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A denture is a removable substitute for missing teeth and adjacent tissues. It is constructed from acrylic resin, in some cases in combination with a variety of metals.

Varieties Of Dentures

Complete dentures replace all the teeth, while a partial denture fills in the gaps created by missing teeth and keeps other teeth from shifting.

Candidates for complete dentures have depleted most or all their teeth. A partial denture is suitable for those who have a few natural teeth remaining. A denture improves chewing capacity and speech, and provides support for facial muscles. It will significantly boost the facial look and smile.

Complete or full dentures are prepared when all of your natural teeth are missing. You may have a full denture on your upper or lower jaw, or both.

Complete dentures are considered “conventional” or “immediate” depending on when they are made and when they are inserted inside the mouth. Immediate dentures are inserted immediately after the removal of the remaining teeth. To make this possible, the dentist takes measurements and makes the models of the patient’ s jaws during a preliminary visit.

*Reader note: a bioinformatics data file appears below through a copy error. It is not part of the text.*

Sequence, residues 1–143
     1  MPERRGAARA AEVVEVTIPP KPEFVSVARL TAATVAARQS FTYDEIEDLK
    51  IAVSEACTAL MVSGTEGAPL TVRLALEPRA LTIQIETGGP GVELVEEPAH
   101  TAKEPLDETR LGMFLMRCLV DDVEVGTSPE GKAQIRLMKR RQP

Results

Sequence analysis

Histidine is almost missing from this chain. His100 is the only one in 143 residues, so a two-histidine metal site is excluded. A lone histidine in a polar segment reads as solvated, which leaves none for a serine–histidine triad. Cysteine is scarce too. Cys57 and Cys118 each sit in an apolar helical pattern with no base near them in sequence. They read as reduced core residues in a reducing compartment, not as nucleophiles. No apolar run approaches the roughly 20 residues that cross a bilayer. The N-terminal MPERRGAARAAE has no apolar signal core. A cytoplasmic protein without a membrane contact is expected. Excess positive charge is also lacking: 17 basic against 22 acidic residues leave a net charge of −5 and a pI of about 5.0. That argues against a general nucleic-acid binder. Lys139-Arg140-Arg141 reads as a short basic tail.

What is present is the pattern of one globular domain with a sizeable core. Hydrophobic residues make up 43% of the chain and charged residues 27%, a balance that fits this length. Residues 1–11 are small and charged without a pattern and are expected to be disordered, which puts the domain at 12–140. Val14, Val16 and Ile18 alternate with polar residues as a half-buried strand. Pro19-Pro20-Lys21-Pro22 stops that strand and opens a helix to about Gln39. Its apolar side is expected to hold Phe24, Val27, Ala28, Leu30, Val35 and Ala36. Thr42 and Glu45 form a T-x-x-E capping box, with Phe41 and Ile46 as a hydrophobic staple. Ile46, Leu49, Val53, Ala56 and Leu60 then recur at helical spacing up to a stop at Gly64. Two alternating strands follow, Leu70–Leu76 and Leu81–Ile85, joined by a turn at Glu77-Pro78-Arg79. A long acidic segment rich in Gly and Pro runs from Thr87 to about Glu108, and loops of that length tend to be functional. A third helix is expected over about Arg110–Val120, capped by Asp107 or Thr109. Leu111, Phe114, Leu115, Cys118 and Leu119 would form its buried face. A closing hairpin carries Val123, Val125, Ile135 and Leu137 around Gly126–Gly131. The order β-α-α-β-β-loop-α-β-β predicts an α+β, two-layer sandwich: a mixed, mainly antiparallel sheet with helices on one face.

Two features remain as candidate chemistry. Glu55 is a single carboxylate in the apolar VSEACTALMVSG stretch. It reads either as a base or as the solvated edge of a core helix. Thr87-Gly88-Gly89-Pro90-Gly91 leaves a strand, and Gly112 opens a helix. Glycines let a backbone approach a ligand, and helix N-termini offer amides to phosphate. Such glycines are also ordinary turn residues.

An advantage of immediate dentures is that the person wearing them does not have to go without teeth during the healing time period. Nonetheless, bones and gums can dwindle with time, especially during the duration of healing in the first six months following the removal of teeth. When gums diminish, immediate dentures may demand rebasing or relining to fit appropriately. A typical denture can then be made once the tissues have healed. Healing may take at least 6-8 weeks.

An overdenture is a removable denture that fits over a few of lingering natural teeth or implants. The natural teeth need to be readied to provide balance and support for the denture

Partial dentures are commonly a choice when many teeth are missing.

Extractible partial dentures usually are composed of substitution teeth affixed to pink or gum-colored plastic bases, which are linked by metal structure. Detachable partial dentures attach to your natural teeth with metal clasps or instruments called precision attachments. Precision attachments are typically more aesthetic than metal clasps and are almost invisible. Crowns on your natural teeth may strengthen the fit of a removable partial denture and they are typically required with attachments. Partials with precision attachments generally cost more than those with metal clasps.